Editor in Chief: Moh. Reza Huwaida Saturday, November 28th, 2020

‘Heartland’ and ‘Rimland’ in Geopolitics

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‘Heartland’ and ‘Rimland’ in Geopolitics

In my previous article, I discussed Geopolitics in the light of Mahan’s Sea Power Theory. However, in Geopolitics, Heartland and Rimland theories are also of great significance. And, with the revival of geopolitics, these theories become more significant in comprehending relations among states.  
Sir Halford John Mackinder, a British geographer, gave the famous Heartland Theory in his paper: The Geographical Pivot of History. His theory stated that “in the industrial age, the natural resources of Central Asia—‘the great pivot’—are so vast that it will serve as the geostrategic instrument for the state that controls it to become ‘the empire of the world’.”
Mackinder’s theory suggested that the control of ‘the great pivot’ or Heartland - Eurasia - was significant in controlling the world. The main postulates of his theory included the following:
 Who rules Eastern Europe commands the Heartland
 Who rules the Heartland commands the World Island
 Who rules the World Island commands the world
Today, the Heartland consists of Russia and the former Soviet Republics of Central Asia (Kazakhstan, Kyrgyzstan, Tajikistan, Turkmenistan, and Uzbekistan), which is becoming an integral part of the connection routes between South Asia and Eastern and Mainland Europe. The area was under the Soviet control because of the same reason that it was vital to maintain a control of the Heartland. The Great Game between the Great Britain and Soviet Union in the 19th and 20th centuries was inspired by the Mackinder’s theory as both the powers made efforts to dominate the area.  
After the dissolution of Soviet Union in 1991, the Central Asian states have become independent states. These new republics now form the modern core of the pivot area of Mackinder’s thesis, and gaining significance in any geo-strategic analysis as the Heartland. Though Russia has always been dominant in the Heartland, it’s influence is being challenged by the United States.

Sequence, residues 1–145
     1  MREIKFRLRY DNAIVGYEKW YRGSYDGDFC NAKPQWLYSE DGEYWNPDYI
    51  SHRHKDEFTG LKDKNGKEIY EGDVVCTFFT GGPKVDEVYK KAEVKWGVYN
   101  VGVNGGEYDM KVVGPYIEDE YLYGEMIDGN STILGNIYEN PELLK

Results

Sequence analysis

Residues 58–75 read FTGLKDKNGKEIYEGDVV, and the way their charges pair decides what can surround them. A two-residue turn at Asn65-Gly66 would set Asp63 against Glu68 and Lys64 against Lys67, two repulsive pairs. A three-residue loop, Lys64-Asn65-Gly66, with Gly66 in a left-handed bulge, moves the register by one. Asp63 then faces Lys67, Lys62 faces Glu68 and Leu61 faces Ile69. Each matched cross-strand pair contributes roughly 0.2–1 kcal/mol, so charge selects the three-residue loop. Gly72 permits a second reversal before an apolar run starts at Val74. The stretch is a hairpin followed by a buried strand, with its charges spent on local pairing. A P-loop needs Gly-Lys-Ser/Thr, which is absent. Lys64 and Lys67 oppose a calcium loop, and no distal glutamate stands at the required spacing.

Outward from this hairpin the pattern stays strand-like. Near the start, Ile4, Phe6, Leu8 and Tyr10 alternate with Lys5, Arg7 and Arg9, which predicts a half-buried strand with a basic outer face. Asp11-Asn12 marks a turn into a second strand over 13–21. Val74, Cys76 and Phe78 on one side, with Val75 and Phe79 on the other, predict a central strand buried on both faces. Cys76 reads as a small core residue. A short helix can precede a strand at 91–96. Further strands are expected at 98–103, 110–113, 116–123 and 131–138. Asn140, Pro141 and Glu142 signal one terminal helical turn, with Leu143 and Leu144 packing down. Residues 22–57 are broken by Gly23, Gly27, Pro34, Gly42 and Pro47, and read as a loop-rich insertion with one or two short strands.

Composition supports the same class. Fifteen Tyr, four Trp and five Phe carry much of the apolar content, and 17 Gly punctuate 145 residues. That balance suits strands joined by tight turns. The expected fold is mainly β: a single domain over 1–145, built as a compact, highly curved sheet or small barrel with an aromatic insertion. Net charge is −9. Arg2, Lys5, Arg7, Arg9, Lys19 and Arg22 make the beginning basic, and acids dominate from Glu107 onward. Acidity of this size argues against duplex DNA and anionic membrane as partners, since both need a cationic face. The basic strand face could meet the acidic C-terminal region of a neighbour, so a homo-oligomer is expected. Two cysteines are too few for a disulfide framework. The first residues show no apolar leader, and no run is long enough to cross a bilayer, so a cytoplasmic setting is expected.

Since the independence of Central Asian countries, the US has been making efforts for achieving some sort of control over the region through backing of the liberal democracy.
On the other hand, China is also making efforts to have an increased role in the region; particularly, in the light of its Belt and Road Initiative and the Central Asian Economic Corridor. China considers the region pivotal in connecting its trade routes with the Eastern and Mainland Europe and even Middle East. Therefore, China’s energy and infrastructure projects with the Central Asian states are the moves to dominate Mackinder’s Heartland. 
Meanwhile, Nicholas John Spykman, the founder of the Yale Institute of International Studies, is best-known for his geopolitical concept of Rimland. Countering and to certain aspects adding to Mackinder’s concept of Heartland, Spykman argued: ‘Who controls the Rimland (the coastal areas or littorals of Eurasia) rules Eurasia; and who rules Eurasia controls the destinies of the world’.
Spykman’s concept elaborated that the landlocked states faced security challenges from their immediate neighbors. Island states mostly had to face pressure from other naval powers; however, if such Islands were offshore states, like Great Britain and Japan, they could most likely face security challenges from other coastal powers. Therefore, to counter such challenges, offshore island states strived to conquer or colonize coastal areas, so as to maintain coastal buffer states and support a balance of power between continental powers. Thus, both land and sea frontiers determined their principal security strategy.
Spykman’s theory is the most pertinent of the geopolitical theories mentioned above; particularly, in the light of rise of China and its endeavors to control the Rimland, while the efforts of other countries to stop China from doing so. China’s Belt and Road Initiative is an effort to dominate both the sea coasts and the land. China’s growing influence in South China Sea, and Indian Ocean are significant to consider in this regard. China has increased its presence in South China Sea and it is striving to make an impact in the Indian Ocean through China Pakistan Economic Corridor (CPEC). CPEC can ensure Chinese trade through Pakistan’s Gwadar Port with the Middle East and African countries, with much lesser costs that the routes through South China Sea, thus, giving China an alternative in its Rimland dominance. So as to counter the same, the US has been strengthening its military presence around the Indian Ocean chokepoints so as to keep a check on Chinese dominance. It has also formed close relations with India for the same purpose and keeping the balance of power in the South China Sea not to let the Rimland fall to the absolute Chinese control. In the light of above discussion, it can be said that Spykman’s Rimland theory is still of major significance in the international relations, both for its practitioners and its analysts.

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